A message from President Barbara Bowen
May 20, 2015
At the contract negotiating session last week, the union presented an economic proposal for annual salary increases. The PSC bargaining team made the proposal in order to demonstrate to the CUNY administration—and to New York City and State—that we urgently need salary increases and that we are prepared to reach a reasonable settlement. The biggest battle for our contract remains the political battle, for funding to support increases, but the union bargaining team felt the moment was right to put a number to our demand.
The PSC proposed the following increases, compounded each year after the first: a 4 percent increase, retroactive to 2010; an additional 3 percent increase, retroactive to 2011; an additional 2 percent increase, retroactive to 2012; another 2 percent increase, retroactive to 2013; another 2 percent increase, retroactive to 2014; a 2.5 percent increase in 2015; and a 3 percent increase in 2016. The total proposed increase would be 18.5 percent, about 20 percent with compounding.
I want to emphasize that the salary increases above are the union’s proposal—they do not represent agreement by management, nor do they signal a commitment of public funding. CUNY management’s response was that the proposal is overly ambitious, but that they would take it under advisement.
The union also emphasized that our proposal covers salary increases only; there are other important economic demands, such as relief in the teaching load, that would require substantial additional funding. The PSC has historically negotiated within the annual salary amounts for equity increases for certain lower-paid positions, such as College Laboratory Technician and Adjunct Lecturer, or for additional amounts applied to top salary steps; we reserved the right to negotiate similar equity increases in this round.
Why this proposal and why now? The PSC negotiating team developed the proposal after an assessment of what is needed to make progress toward competitive salaries and what has been negotiated in the recent settlements by other unions of State and City employees. While a 20 percent increase would go a long way toward addressing our salary needs, even an increase at that level would not undo all the damage done to CUNY salaries through years of planned under-funding. At the same time, we felt that it was important at this stage of bargaining to present a proposal that bears a relationship to other recent settlements with education unions in the city and other public-employee unions in New York. For instance, other City and State public employees also received a 4 percent increase in 2010. Naturally, as a union proposal, the PSC’s salary proposal aims higher and represents a higher total than in other recent settlements, but it is a serious and responsible proposal in the current fiscal climate.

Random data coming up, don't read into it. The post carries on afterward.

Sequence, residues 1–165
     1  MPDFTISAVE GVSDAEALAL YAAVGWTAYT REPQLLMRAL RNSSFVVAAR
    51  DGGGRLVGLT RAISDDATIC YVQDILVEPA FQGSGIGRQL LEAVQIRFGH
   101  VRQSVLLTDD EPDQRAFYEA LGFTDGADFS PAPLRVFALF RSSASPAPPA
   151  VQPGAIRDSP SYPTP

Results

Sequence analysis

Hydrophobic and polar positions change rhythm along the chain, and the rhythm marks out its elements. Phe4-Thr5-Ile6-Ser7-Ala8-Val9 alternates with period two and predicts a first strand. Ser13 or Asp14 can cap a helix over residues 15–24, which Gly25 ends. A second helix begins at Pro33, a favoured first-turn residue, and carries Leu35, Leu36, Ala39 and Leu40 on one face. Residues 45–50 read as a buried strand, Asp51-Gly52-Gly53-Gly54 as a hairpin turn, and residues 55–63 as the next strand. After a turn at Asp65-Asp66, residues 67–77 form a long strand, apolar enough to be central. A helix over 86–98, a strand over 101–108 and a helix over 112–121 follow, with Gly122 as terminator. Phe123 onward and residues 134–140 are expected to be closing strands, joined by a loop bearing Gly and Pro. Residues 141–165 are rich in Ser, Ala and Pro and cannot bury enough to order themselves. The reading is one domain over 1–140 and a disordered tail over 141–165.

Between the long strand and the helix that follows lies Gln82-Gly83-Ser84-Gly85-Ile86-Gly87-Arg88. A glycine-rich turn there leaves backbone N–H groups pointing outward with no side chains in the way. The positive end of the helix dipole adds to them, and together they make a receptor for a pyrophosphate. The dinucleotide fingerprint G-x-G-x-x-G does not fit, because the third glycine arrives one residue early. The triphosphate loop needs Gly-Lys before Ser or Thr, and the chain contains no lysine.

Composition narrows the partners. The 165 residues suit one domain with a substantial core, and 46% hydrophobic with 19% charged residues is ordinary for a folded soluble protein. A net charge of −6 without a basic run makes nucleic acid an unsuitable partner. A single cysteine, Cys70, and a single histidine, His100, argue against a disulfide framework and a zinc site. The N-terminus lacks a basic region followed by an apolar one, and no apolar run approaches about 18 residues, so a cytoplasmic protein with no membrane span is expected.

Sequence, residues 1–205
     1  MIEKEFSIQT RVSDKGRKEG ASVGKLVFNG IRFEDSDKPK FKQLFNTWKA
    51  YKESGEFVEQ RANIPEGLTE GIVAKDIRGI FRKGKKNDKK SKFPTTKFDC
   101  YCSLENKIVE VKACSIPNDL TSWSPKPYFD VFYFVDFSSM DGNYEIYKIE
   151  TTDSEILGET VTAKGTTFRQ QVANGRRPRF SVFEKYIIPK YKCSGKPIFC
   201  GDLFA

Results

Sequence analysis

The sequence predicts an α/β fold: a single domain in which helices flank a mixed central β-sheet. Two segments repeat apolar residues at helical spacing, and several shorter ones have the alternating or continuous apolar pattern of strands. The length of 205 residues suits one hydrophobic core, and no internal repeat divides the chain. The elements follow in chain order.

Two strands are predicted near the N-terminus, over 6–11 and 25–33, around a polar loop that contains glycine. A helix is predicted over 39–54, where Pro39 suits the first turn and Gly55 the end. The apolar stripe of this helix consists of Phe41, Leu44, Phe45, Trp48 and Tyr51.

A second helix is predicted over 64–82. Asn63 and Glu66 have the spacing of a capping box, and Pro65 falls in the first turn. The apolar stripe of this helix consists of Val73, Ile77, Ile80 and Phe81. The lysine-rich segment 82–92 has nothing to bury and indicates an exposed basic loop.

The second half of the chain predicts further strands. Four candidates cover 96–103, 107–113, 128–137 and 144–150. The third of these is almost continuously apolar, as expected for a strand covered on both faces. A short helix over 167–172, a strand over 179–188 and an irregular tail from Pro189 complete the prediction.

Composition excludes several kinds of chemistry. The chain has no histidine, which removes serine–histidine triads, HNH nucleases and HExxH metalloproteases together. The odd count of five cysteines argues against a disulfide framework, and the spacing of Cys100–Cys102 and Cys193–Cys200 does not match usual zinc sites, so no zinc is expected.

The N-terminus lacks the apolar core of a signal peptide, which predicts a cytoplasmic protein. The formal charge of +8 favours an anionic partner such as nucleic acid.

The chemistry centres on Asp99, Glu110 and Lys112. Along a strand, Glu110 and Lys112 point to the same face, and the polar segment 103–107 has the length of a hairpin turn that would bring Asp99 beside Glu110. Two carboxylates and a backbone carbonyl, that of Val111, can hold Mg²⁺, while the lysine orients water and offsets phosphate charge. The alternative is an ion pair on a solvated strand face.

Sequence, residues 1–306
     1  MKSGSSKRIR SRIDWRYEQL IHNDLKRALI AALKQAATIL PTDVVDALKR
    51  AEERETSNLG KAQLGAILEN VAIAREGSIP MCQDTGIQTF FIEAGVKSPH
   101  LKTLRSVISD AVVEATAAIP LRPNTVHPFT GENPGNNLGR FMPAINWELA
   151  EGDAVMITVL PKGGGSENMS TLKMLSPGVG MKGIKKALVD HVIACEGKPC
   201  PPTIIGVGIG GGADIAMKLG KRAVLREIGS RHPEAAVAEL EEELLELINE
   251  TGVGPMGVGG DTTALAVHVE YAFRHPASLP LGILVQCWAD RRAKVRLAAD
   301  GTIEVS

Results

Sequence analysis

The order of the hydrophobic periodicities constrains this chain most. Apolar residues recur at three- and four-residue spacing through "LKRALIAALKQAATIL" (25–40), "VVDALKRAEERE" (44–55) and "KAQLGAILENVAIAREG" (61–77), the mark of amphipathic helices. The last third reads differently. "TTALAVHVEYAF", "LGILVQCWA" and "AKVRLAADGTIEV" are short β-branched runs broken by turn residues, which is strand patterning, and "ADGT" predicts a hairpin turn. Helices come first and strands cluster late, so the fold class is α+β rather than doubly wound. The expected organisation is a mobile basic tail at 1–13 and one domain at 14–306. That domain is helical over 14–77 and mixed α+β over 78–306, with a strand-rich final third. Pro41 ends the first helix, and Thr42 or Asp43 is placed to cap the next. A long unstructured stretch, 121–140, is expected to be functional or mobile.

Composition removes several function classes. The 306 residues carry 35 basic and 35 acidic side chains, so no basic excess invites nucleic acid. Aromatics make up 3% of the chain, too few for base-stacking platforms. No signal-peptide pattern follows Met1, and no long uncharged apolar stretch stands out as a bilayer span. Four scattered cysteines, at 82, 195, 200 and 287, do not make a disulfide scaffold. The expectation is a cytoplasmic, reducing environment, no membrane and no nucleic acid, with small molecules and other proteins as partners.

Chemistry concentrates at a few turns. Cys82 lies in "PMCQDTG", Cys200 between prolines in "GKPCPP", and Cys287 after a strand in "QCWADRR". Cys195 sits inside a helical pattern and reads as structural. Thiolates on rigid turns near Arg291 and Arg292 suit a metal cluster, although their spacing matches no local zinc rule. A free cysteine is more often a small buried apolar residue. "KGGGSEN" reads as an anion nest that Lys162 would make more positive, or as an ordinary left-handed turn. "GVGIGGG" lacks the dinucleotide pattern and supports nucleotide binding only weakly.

The moment is right for an economic proposal, in part because the legislative session in Albany is nearing an end and in part because of developments closer to home. Above all, the union leadership has listened to you. We are painfully aware of how CUNY’s failure to produce a raise hurts each one of us, whatever our position. We felt that we had to express concretely just how sharp the need is for higher salaries. The union had not presented a proposal earlier in negotiations because of the sensitivity of discussions about economics at the State and City levels.
There has not been a bargaining session since the union’s salary proposal was presented, and we do not expect an immediate response from CUNY management. But as a union we have made it clear that we are prepared to fight for raises, retroactive pay and other improvements. We will not succumb to the false narrative that there is no money for public institutions and no possibility of better working conditions at CUNY.
And we are making progress. The pressure the PSC applied to management through the March 31 demonstration and other actions has paid off: we have finally seen real movement at the bargaining table. For the first time, CUNY representatives have engaged in meaningful discussion of our major demands on non-economic issues, such as career advancement for colleagues in HEO titles and job security for long-term adjuncts. Any agreement reached is likely to reflect a compromise between the two sides, but there has been significant movement on management’s part and some promising discussion.
Meanwhile, the PSC leadership is conducting an aggressive, strategic campaign in Albany to tackle the root problem of failure to provide adequate funding for public higher education. I thank the 1600 PSC members who are wearing t-shirts about the contract and starting conversations with students and colleagues about our shared purpose. I also thank the more than 200 members who are now meeting with their local elected representatives, reinforcing the demand that Albany must act this session to resolve our contract. (You can still sign up—we need you! Click here to join.)
We are all in this fight together, whether the issue is salary increases or teaching load or equity for library faculty. Know that every action you take as part of the campaign for justice at CUNY advances our cause.